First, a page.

7 Common Myths About Web Analytics

No Comments

Web analytics are an important part of the game plan for most companies with an online presence. They provide a valuable source of information and help websites keep a handle on their online activities. However, despite their prevalence there are many myths surrounding analytics which can significantly confuse the facts and result in the analytics being under-utilized, or just outright incorrectly understood. Let’s take a look at some of the top common myths about analytics.

Each “Unique Visitor” Represents A Real Person

The “unique visitor” metric is one of the most misunderstood pieces of information relating to web analytics. The natural interpretation of the term is that it represents the total number of actual people who visit a site. However, due to shortcomings and problems with the way this data is gathered, that is often not the case. Unique visitors are measured based on cookies, and quite often this paints an incomplete picture since many web browsers allow users to visit sites using an “incognito” function that keeps the cookies from being recorded. In addition people are very likely to visit the same site from a number of different devices and locations. For instance a user who visits a site from their personal computer at home, smart phone, and work computer might be counted three times despite only being one person.

Free Analytics Software Doesn’t Suffice

There are many things that free analytics can do and they provide a completely adequate option for many businesses. They offer many of the same features as expensive analytics software:

  • Data Ownership
  • Privacy
  • Customer Service
  • Enhanced Customization

Getting started with an easy implementation and user-interface of a free program like Google Analytics can put you on the path to data-driven decisions. The ROI can be realized in just a matter of days if not hours.

The Actual Data Is Always Secondary To The Insights It Yields

We’re certainly not encouraging people to ignore the big picture. In many ways and in many instances an insight into what the data means is indeed much more significant than the raw numbers. However, that isn’t always the case. It is important not to become so fixated on trying to interpret the information that you miss the basic facts. Many times the data does speak for itself and if you over-think things you run the risk of misinterpreting things completely or overlooking the obvious. Remember an insight is an interpretation and therefore is subjective to a large extent. The facts themselves don’t lie, but erroneous conclusions about them could be disastrous. Instead keep a balanced perspective.Try to form advanced insights when possible, but also let the data stand on its own merit when applicable.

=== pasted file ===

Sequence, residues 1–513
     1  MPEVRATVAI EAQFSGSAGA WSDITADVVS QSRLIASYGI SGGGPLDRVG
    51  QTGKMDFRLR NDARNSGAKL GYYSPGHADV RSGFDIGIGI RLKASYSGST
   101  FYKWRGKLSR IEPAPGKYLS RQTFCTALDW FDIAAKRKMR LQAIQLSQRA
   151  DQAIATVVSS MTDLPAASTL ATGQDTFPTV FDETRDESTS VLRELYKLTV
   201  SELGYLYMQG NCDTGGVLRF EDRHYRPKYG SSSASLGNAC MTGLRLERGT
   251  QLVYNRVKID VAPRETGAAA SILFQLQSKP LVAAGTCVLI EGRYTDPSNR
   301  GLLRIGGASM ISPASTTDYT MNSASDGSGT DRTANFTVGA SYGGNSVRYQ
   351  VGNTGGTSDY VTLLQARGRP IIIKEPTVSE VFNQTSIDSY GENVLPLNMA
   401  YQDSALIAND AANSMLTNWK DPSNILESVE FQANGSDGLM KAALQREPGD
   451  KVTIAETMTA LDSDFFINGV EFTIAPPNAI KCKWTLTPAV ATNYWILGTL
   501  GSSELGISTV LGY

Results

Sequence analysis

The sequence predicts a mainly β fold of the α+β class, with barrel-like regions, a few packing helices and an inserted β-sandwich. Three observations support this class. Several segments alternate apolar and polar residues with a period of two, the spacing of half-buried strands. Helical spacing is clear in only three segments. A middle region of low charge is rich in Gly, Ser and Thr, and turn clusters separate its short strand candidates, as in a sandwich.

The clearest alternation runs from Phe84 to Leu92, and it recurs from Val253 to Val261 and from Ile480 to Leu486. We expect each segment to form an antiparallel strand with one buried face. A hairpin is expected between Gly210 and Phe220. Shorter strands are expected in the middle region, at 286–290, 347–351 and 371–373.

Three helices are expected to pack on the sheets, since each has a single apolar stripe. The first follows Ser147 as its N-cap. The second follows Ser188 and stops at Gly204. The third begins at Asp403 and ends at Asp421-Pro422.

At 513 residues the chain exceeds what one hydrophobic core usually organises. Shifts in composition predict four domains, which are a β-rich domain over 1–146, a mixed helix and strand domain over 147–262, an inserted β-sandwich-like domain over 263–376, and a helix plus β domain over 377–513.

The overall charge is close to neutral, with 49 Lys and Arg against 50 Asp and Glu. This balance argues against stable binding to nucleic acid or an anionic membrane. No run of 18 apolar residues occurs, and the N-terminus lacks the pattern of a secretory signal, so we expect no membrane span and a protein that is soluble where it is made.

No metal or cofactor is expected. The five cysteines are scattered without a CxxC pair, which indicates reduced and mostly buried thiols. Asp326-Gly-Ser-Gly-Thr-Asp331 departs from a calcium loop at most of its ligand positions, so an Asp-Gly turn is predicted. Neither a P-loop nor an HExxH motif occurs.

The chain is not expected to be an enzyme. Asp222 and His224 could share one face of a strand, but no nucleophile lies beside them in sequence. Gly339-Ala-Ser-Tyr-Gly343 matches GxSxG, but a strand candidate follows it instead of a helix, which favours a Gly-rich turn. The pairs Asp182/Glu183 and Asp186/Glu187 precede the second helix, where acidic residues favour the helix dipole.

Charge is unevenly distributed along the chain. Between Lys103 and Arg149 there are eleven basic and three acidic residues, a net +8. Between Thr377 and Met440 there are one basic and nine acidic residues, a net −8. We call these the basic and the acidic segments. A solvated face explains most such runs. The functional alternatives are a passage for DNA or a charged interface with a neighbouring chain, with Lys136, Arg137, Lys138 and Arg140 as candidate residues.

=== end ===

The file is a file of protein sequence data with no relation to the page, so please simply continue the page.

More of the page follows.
Information From Various Analytics Programs Should All Match

Many people become discouraged and frustrated when they use multiple analytics programs only to discover that the data they receive from each varies. This is an understandable reaction because to many people that implies that one or all of their analytics results is wrong. However, analytics programs work in different ways and with slightly different methods. That means that slightly different results are also very expectable. In fact this natural difference between services is a good reason in and of itself to use multiple services. The greater range of, occasionally varied, information paints a fuller picture of the actual situation.

Analytics Code Degrades Site Performance

While it is certainly true that more code in general will degrade a sites performance – more code generally means longer execution time and more potential for mistakes – that simple statement doesn’t tell the whole story. An efficient analytics program may be entirely worth its slight cost in site performance. The real question is rather or not the data gathered is worth the price of gathering it. Nearly everything in life has some type of cost associated with it so the fact that analytics is no exception shouldn’t surprise anyone.

Web Analytics Are Only One Department’s Responsibility

Most people understand that a company or business runs better when everyone makes an effort and accepts responsibility for ensuring smooth functioning. After all a company may have an accounting department, but keeping expenses down is the responsibility of everyone at the company. It may have a janitor or cleaning service, but that doesn’t mean employees should feel free to trash their work areas. By the same token, an IT department can only do so much by itself. Everyone must work together to improve web analytics and the quality of its results.

Bounce Rate Is The Best Metric

Bounce rate is certainly an important metric, but a host of other metrics are also very relevant and important. In fact any time a single particular metric is described as the ‘best’ or ‘most important’ that is usually missing the big picture. Over time a number of various factors are likely to influence the success or failure of a company and it is important not to be so fixated on one that you ignore everything else. This would be like fighting a war against multiple enemies, but only concentrating on a single one. Or on the flip side focusing on one friendship or personal relationship and ignoring everyone else in your life. As always a more balanced approach is key.

We hope that this brief list of common myths about analytics has helped better put your analytics strategy into perspective. Web analytics is an extremely important part of any successful online business and just because hurdles and pitfalls exist that is no reason to give up on it or downplay its importance. Instead take these lessons for what they are and move on with a clear, thoughtful eye toward the future.

Leave a Reply